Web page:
To combat nutrient runoff, some counties across Central Florida have enacted ordinances. For example, in Seminole County, fertilizers containing nitrogen or phosphorus cannot be applied during the summer rainy season.

 

There is more: Florida beaches deal with red tide on Gulf, feces in Miami

 

There are other options to fertilize your lawn, if you must, during the rainy season. There are summer blend and slow-release fertilizers. Also, yard clippings should not be blown into storm drains. There are some native plants that act as a buffer to filter nutrients out before they run off into the lakes.

 

ANOTHER ONE: New outbreak of red tide shows up in northwest Florida

 

Not all nutrients come from fertilizers, though. Agriculture, storm water runoff and septic tanks can also release nutrients to waterways, also triggering harmful algae blooms.

 

Tavares High School head football coach resigns amid criticism from parents

A Tavares High School football coach resigned amid allegations that he treated players harshly.

Head coach Scott Armatti is accused of calling players names and telling one to play through pain two weeks after having surgery.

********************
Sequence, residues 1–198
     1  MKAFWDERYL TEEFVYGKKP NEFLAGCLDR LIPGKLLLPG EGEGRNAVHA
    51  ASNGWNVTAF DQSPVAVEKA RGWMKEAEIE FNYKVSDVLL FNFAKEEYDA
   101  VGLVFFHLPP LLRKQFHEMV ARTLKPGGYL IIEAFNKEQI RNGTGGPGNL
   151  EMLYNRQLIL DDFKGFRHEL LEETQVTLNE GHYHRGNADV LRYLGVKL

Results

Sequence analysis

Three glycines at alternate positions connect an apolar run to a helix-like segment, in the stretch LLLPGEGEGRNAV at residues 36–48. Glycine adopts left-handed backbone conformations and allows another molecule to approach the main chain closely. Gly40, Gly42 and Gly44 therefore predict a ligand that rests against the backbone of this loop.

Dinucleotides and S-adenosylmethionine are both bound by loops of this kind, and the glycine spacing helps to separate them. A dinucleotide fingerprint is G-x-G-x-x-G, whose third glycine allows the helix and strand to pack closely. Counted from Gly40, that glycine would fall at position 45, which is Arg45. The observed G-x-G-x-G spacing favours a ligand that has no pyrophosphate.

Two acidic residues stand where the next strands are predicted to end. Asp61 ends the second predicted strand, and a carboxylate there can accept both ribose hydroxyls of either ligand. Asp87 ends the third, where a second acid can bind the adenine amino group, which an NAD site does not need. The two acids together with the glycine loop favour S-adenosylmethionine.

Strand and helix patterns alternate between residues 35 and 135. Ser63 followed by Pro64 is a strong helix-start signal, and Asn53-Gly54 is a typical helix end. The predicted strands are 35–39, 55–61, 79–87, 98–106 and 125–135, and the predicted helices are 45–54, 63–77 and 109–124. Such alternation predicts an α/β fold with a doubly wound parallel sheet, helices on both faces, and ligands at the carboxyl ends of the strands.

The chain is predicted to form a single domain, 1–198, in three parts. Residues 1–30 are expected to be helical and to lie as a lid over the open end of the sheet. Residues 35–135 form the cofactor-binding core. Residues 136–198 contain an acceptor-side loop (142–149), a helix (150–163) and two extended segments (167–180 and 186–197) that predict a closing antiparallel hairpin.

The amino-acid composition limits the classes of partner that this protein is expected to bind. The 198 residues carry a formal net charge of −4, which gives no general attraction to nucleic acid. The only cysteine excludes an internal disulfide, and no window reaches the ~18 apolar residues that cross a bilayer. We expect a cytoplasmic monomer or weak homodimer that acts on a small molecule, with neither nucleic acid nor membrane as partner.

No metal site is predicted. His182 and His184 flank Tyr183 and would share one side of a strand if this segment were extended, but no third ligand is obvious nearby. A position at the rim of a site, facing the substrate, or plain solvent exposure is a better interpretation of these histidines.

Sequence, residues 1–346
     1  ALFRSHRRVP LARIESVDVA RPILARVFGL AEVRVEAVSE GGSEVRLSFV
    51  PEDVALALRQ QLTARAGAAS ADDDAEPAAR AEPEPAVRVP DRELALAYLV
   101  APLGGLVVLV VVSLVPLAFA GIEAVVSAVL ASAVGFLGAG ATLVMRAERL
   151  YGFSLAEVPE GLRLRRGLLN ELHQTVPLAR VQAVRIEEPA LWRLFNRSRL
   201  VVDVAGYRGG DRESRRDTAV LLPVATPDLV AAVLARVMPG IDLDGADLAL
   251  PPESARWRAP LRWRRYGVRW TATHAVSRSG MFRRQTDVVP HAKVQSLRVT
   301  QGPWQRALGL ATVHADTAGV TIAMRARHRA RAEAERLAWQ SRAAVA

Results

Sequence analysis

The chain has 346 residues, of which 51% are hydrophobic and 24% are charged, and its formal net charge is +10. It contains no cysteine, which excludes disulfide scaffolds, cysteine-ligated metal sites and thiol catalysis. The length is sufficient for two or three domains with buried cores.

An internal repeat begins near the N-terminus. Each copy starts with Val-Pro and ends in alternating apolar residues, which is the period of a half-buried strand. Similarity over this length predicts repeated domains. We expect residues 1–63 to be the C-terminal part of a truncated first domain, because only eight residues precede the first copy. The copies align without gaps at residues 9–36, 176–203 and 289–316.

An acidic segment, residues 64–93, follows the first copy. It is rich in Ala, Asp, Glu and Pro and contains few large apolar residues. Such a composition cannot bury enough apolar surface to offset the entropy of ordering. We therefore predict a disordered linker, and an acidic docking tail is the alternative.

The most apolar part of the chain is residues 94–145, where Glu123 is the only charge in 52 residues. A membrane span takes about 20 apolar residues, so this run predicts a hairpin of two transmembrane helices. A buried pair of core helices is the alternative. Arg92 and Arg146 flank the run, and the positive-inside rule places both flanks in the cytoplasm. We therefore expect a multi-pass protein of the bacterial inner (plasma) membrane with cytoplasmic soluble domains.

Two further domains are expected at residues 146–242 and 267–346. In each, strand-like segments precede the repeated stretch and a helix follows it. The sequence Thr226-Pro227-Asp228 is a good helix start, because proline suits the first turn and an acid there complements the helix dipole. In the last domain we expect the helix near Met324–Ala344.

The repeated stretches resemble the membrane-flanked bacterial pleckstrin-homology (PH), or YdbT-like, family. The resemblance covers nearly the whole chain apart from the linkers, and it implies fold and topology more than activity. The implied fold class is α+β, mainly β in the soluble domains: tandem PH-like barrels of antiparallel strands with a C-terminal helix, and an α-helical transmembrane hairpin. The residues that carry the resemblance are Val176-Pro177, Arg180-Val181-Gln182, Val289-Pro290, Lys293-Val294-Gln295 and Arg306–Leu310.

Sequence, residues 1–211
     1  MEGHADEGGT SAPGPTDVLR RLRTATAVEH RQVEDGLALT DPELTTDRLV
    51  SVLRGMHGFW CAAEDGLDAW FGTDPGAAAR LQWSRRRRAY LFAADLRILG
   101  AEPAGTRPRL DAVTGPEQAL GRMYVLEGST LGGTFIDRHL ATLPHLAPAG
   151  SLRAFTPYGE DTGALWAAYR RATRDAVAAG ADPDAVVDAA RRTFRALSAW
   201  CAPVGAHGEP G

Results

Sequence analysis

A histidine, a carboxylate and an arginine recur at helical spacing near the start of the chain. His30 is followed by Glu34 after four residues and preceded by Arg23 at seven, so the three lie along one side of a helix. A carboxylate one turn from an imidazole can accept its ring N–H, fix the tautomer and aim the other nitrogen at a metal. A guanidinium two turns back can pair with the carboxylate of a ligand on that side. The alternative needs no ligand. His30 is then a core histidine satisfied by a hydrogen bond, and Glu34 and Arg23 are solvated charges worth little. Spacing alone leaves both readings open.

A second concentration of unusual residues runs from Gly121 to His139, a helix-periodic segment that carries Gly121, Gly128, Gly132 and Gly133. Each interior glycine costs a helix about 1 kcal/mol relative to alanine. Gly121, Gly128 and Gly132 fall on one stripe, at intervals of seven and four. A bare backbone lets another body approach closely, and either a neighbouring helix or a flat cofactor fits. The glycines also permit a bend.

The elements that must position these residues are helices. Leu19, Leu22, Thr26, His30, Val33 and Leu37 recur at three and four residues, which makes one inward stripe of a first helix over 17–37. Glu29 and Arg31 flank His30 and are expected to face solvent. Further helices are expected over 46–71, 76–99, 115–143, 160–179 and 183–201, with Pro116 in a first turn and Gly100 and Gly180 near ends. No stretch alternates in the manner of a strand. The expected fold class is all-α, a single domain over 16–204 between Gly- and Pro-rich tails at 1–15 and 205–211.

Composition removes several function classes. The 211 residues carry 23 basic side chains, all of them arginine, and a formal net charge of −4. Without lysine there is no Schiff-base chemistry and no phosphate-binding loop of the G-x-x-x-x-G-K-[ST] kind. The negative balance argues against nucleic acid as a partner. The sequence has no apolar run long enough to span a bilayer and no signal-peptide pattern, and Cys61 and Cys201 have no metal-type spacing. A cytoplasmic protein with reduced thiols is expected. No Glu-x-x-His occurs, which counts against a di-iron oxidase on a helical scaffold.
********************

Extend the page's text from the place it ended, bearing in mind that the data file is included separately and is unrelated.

Officials said Monday that Armatti stepped down after the school district launched an investigation into his conduct.

"I think this has been coming down the line for six or eight months. People have been unhappy with the things going on," parent Scott Stinson said. "This isn't about losing football games. We definitely want to win, but this is not what this is about. It's about the way the players were being treated and the way the coaches were being treated."

Read: Chief: Anonymous letter claiming rape sparked Oviedo High School investigation

Some players and parents said they had had enough Friday.